It likes to be in moist soil, and is not very forgiving if the soil is allowed to dry out.  I figured they could handle the humidity in a closed terrarium.

Then my 11-year-old said, those look like pineapples...

Maybe you'd like to make some pineapples....

FIBER:  Lightweight jute twine (typically found in hardware stores)
Potting Soil, Platt's Black plant (sometimes this is called Brass Buttons)

ST or st = stitch
CH = Chain
SC = Single Crochet
SL ST = Slip Stitch
DC = Double Crochet
DC2tog = 2 DC together
SC2tog = 2 SC together

ROUND1: Magic Circle 8 SC ( 8 )
For each round, join the last and first st with a SL ST and CH1 from this point on
ROUND2: 2DC in each st (16)
ROUND3: (1DC in next 3 st, 2DC in next st) 4 times (20)
ROUND4: (1DC in next 3 st, DC2tog) 4 times (16)
ROUND5: (1SC in next st, SC2tog) 5 times, 1SC in last st (11)
ROUND6: SL ST around (11), fasten off and weave the end in

Pack with enough potting soil to fill one-third of the way, then insert the plant.
Use an eye-dropper to water the plant from overhead.  When placed in a terrarium, it only needs to be watered once a month depending on how well sealed it is.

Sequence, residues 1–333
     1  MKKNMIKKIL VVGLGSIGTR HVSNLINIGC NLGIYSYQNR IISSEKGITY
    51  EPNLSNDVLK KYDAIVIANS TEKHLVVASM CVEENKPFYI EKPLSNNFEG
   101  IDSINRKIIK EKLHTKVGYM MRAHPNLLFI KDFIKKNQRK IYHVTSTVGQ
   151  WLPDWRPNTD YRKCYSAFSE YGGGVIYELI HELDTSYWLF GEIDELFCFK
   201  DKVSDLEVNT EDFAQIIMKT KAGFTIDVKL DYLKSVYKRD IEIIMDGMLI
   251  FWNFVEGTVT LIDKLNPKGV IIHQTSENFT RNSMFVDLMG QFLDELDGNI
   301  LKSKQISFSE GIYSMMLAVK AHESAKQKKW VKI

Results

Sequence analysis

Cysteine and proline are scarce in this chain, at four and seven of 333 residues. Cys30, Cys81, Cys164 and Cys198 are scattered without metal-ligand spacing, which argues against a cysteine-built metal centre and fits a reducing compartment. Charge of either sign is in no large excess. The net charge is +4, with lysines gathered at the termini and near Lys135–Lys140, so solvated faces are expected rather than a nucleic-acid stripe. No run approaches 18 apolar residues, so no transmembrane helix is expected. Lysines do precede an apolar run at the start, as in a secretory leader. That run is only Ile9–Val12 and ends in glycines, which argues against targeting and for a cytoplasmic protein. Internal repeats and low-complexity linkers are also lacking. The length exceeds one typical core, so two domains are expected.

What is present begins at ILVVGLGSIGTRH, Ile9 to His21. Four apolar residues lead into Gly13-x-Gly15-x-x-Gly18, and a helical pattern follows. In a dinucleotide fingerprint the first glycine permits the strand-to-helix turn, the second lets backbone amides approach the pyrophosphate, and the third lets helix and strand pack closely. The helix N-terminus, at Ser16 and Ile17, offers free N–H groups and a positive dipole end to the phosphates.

28  CROCHET / Amigurumi: Completed Projects / More Egg Cozies on: March 18, 2012 08:40:37 PM
I got tired of making chicken egg cozies, so I dove into the sea for some inspiration (well, not literally).  Originally I used yarn to crochet the teeth for the angler, but it didn't look jagged enough, so I just used some florist wire.  

I couldn't resist making a slide show of how I imagined these characters would interact.  If you're interested, the 30-second slide show is on
29  CROCHET / Amigurumi: Completed Projects / Half A Dozen Egg Cozies on: March 09, 2012 10:25:23 AM

I'm lookin' forward to my nephews and nieces hunting down these eggs.  I made these up free-form.  Pink Pig is made from wool yarn; the rest of the gang are in acrylic.  With the exception of the green pig they were all started with a magic circle and worked in the round.  Eyes are either from felt, black glass E beads, buttons, or, in the case of Ducky, no eyes at all.  A black permanent marker works great to highlight brows and ears.
30  CROCHET / Crochet: Completed Projects / Beret (pattern attached) on: January 09, 2012 01:35:50 PM

I just updated this pattern.  The original one was a bit too tight.  Use the variation (page 2) to make the hat above.